Background Reading for My Novel: When You Don’t See Me

When You Don't See Me

I’ve been out-of-town visiting friends and am now just getting back into the groove of my normal routine. It’s been more than a month since I have posted any reviews on any of the readings I have recently completed as part of my preparation for the novel I am writing. Today I want to comment on one of the books I recently read, When You Don’t See Me by Timothy James Beck, first published in 2007.

This was a book I was eager to read because in so many ways at least on the surface it very closely resembles the novel I am currently writing. Like my protagonist, the story centers around a 19-year-old who leaves home because of the rejection and alienation he feels for being gay. He moves to a big city (in this case Manhattan, in my story Brian moves to San Francisco) in hopes of finding acceptance and the chance to be himself and live life fully. It also takes place in the recent past so the prevailing sociopolitical attitudes I reasoned would be similar. “Eureka!”  was my initial reaction. I have found something that should inspire me and stimulate my creative juices.

As it turned out this proved to be a very disappointing book. The story began promisingly enough but quickly sputtered out. I did not find the protagonist or for that matter any of the characters particularly interesting or sympathetic. One problem I thought was that the author threw in too many individuals and never really developed them fully.  Even the story’s main characters seemed to be shallow at best. In addition I found one part of the story line to be absurdly contrived. Nick, the protagonist has 3 roommates, one of whom is a woman named Morgan whom he and his other roommates find quite irritating. About 3/4 of the way through the book we find out that a woman whom Nick works for just happens to be Morgan’s long-lost sister. Somehow the reader is expected to find that plausible in a city as huge as NYC. Pretty absurd in my opinion.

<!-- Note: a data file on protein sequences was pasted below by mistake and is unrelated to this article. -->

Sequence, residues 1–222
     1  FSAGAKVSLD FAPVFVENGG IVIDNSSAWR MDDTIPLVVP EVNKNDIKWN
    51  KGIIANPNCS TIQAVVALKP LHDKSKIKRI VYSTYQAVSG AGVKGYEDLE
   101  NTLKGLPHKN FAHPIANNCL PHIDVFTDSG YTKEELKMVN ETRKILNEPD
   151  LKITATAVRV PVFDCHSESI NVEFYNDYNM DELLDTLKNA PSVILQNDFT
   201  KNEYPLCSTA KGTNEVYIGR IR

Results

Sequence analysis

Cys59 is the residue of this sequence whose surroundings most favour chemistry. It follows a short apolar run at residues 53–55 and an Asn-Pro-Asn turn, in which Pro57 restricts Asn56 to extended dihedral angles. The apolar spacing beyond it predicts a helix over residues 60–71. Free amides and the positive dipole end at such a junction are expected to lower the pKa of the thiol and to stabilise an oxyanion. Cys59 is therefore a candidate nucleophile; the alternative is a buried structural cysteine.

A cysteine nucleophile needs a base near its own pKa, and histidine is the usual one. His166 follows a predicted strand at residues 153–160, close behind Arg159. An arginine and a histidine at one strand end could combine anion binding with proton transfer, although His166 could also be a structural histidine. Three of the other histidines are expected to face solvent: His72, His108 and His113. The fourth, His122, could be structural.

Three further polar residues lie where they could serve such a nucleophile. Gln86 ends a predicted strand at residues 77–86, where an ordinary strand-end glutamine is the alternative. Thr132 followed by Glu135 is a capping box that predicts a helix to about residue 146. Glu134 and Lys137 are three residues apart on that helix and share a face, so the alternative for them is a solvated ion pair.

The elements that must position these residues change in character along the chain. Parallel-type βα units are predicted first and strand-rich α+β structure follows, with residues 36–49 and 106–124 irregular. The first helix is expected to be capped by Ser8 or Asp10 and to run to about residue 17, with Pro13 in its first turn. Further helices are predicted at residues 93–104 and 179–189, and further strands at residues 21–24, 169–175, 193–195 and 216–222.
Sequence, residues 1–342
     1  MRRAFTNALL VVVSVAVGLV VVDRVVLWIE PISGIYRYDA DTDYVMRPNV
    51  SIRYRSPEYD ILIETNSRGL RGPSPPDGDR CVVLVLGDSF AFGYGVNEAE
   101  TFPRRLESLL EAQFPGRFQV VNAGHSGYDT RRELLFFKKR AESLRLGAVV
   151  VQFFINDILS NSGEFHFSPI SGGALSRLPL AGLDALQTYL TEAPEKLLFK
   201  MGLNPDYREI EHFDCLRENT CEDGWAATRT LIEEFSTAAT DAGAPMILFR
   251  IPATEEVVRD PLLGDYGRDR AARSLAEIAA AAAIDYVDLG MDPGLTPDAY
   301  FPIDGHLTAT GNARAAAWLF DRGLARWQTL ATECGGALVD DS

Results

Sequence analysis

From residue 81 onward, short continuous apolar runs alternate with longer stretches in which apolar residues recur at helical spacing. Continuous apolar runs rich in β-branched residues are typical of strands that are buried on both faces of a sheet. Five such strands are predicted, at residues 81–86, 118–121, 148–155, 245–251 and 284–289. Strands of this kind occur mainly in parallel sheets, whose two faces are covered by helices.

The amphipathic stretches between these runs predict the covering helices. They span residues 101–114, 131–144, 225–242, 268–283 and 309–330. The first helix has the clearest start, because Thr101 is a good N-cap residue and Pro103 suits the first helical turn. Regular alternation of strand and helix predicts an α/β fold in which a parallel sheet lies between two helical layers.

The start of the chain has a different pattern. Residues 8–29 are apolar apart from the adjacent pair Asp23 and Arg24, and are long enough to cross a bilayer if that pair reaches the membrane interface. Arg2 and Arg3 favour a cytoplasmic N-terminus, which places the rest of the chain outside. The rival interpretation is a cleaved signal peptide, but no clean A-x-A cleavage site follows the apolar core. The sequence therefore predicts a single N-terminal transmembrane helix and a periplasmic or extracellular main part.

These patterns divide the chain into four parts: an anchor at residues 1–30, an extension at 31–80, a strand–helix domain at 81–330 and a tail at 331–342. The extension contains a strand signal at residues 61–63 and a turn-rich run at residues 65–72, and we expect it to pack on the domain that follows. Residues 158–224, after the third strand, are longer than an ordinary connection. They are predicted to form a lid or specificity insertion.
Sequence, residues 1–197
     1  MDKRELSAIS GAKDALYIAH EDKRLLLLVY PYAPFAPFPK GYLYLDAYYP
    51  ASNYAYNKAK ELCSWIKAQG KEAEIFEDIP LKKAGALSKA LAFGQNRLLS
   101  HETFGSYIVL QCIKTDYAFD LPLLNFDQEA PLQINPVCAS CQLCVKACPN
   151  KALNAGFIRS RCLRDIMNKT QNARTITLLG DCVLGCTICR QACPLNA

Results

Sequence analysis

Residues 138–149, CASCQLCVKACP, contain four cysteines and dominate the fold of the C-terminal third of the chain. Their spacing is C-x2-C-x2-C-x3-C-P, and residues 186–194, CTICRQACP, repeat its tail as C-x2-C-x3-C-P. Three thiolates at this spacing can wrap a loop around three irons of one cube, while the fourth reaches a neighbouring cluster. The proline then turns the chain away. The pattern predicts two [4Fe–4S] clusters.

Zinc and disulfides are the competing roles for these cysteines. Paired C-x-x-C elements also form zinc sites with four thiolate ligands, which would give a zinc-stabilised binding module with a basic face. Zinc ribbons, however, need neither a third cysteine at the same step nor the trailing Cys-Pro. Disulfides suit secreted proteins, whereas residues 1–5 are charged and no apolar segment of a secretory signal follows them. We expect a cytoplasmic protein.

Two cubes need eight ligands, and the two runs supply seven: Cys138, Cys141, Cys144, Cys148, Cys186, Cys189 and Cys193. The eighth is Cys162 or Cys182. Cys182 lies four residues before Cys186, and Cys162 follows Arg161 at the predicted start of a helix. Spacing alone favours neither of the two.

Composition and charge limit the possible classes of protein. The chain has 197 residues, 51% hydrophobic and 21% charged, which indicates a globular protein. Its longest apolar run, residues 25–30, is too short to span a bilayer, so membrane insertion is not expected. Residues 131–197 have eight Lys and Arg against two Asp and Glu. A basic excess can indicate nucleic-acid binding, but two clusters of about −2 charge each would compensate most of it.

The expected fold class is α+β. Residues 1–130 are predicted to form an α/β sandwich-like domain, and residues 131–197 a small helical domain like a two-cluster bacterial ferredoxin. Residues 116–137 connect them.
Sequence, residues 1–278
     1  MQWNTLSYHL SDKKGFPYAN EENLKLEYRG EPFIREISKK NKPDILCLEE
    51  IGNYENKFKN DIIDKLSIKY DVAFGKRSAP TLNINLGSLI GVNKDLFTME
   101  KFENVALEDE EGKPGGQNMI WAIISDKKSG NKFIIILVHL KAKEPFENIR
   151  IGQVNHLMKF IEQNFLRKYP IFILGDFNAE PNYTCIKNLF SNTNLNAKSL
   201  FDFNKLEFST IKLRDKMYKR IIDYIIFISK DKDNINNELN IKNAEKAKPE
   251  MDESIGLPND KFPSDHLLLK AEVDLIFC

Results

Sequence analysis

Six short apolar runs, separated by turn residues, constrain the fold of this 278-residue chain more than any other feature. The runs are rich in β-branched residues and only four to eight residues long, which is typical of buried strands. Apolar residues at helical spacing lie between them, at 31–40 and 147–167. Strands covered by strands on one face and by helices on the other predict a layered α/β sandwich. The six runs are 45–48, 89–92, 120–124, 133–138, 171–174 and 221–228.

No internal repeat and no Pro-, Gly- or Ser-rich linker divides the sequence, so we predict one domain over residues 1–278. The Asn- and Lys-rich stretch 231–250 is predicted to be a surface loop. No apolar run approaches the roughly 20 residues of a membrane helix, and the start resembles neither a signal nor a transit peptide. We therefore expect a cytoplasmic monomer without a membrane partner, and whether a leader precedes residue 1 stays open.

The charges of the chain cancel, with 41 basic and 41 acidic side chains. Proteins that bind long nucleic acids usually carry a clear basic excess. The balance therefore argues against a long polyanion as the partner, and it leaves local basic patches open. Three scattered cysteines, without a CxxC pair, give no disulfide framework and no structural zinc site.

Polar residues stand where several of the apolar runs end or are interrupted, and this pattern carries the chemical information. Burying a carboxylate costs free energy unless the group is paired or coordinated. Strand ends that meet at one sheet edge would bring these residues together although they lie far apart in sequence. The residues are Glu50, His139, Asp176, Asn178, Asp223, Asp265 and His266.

The book seemed to drag on and on and never really took off. Even though the book is less than 300 pages it took an eternity to read not because it was deep but simply because it was so vapid. The story ends with Nick temporarily returning to his small Midwestern roots to confront his family. That part of the story is left more or less to the reader’s imagination other than a vague suggestion that Nick and his twin brother may have a shot at finally becoming friends.

I was frankly glad to turn the last page of this book and move on to some other more interesting story with better character development. Fortunately the next book I read was very fulfilling and extremely well written. I will fill in the details on that in the next few days.

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